Gambling is a form of risk taking where people wager money or other valuables on an event involving chance. It can take many forms including putting a bet on the horse race, football accumulators or using pokies. It can also include lotteries, instant scratch cards and speculating on business, insurance or stock market prices. It’s important to understand how gambling works so you can make smart decisions about your finances and avoid putting yourself at risk.
Learn to set and stick to a time limit for yourself when you’re gambling. Leaving the table or machine when you reach your time limit, even if you’re winning can help you to control your impulses. Try to not use credit cards or borrow money when you’re gambling. Try to spend time with friends who don’t gamble or find other ways of socialising and relaxing, such as exercise, reading a book or taking up a hobby.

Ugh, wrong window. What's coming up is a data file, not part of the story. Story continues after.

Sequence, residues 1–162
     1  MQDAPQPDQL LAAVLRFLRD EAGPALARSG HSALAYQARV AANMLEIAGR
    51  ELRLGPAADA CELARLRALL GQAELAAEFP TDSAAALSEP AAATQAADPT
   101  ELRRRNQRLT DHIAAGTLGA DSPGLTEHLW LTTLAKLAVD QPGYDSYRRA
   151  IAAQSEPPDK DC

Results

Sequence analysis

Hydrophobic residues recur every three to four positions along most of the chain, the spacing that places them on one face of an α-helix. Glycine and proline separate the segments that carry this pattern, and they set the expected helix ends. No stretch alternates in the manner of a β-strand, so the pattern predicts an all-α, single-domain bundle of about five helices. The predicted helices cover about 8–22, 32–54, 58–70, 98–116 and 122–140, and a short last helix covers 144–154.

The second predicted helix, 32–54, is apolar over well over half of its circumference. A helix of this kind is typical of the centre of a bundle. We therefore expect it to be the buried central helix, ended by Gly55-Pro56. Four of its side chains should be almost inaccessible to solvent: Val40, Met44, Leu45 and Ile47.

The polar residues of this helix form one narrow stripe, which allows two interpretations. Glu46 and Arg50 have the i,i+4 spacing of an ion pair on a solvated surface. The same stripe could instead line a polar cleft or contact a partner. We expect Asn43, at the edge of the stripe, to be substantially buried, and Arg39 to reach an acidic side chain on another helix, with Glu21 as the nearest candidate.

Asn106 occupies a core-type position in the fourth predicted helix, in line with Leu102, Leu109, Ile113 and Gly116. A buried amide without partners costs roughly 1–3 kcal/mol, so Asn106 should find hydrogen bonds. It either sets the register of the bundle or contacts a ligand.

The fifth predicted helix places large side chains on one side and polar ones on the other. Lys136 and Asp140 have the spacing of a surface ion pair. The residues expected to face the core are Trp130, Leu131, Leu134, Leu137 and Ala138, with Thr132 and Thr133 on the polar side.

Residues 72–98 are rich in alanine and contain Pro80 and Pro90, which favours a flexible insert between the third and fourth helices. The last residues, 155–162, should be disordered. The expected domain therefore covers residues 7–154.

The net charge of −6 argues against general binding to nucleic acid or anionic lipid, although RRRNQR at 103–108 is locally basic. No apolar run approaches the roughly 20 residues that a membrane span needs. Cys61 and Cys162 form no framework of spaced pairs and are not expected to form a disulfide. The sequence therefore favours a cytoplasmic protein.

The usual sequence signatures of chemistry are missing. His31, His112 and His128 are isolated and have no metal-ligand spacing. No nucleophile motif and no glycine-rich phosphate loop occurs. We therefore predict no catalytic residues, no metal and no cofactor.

Seek treatment for any underlying conditions that may contribute to your compulsive gambling, such as depression or substance abuse. You can also seek therapy that teaches you how to change your unhealthy gambling thoughts and behaviours, such as cognitive-behavioral therapy.
It can be difficult coping with a family member’s gambling addiction. If they’re putting your financial, work and personal relationships at risk, talk to us about the help that’s available. It’s free, confidential and available 24/7. Our counsellors can help you deal with the effects of gambling on your life and your relationship with others.